Times are tough these days, and from where I sit this is not a moment to do anything halfway. As my good friend Holly Hunter once said to me, we are now faced with situations where we have to “bring all of ourselves to everything we do.”
Regardless of the instability of the economy, the flatness of the housing market, the rising price of gas, and the current value of the dollar, we have to step up. These are things we have faced before, and in times like these champions adjust.
Just because sales may be down at your company doesn’t mean productivity — specifically your personal work ethic — should take a break. This is your chance to shine — to be better at what you do and, above all, your chance to bring all of yourself to the situation.
We all approach things differently. But completely committing ourselves to the task at hand is absolutely essential. And it often is the difference between success and failure. I have always found it easier to break an assignment down into manageable pieces and prioritize. Using this approach keeps the situation from getting overwhelming and paves the way for a successful ending. Like we say in tennis, you can only play one ball at a time.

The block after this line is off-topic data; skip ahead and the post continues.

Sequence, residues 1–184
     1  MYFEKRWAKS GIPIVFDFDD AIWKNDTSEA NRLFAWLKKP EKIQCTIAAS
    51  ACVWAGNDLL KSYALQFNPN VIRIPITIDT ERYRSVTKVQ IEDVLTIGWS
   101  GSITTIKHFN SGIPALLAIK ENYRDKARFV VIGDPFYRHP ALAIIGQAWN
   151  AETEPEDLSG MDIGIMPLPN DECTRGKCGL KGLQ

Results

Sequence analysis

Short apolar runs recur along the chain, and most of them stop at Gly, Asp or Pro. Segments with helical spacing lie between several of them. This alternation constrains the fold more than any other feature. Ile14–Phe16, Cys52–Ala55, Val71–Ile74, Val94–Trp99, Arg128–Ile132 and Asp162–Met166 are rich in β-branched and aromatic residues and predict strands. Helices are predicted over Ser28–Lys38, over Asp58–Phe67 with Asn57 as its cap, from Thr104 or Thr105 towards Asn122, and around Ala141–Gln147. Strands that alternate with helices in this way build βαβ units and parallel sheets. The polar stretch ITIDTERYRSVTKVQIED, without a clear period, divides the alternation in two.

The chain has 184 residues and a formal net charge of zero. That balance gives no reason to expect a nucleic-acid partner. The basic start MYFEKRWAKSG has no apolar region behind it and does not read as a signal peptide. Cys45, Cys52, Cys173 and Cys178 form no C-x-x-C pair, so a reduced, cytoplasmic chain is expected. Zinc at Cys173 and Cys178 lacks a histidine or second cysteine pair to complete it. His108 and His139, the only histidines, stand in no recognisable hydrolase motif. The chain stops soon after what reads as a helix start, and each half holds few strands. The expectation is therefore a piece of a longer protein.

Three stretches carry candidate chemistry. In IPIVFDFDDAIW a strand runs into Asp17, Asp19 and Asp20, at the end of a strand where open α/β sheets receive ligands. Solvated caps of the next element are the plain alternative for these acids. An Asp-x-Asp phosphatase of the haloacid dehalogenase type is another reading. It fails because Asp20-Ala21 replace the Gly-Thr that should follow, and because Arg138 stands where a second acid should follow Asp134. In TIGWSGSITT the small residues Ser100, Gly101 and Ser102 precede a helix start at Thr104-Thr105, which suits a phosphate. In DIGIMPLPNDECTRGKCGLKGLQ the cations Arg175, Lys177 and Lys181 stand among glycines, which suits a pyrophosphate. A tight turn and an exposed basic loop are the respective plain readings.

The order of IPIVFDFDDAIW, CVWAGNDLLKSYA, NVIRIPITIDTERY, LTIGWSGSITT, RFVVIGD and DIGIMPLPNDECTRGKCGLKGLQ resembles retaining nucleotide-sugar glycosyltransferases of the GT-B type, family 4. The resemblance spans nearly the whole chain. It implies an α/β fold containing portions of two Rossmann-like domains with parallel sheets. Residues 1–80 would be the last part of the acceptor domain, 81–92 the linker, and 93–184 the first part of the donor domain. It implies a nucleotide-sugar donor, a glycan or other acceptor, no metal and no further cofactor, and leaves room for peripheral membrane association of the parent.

I’ve always found it’s better to live in the moment and not get too far ahead of yourself. There are times to let things happen and times to make them happen. You decide what’s best for you. But always remember, you are much better off when you bring all of yourself to everything you do.
Billie Jean King dominated women’s tennis in the 1960s and 70s — winning 39 Grand Slam titles, including a record 20 championships at Wimbledon — and famously beat Bobby Riggs in a 1973 match dubbed “The Battle of the Sexes.” The USTA Billie Jean King National Tennis Center in Flushing Meadows, N.Y. is the annual host of the U.S. Open Tennis tournament, which runs through September 7. Her new book, Pressure is a Privilege, is in stores now.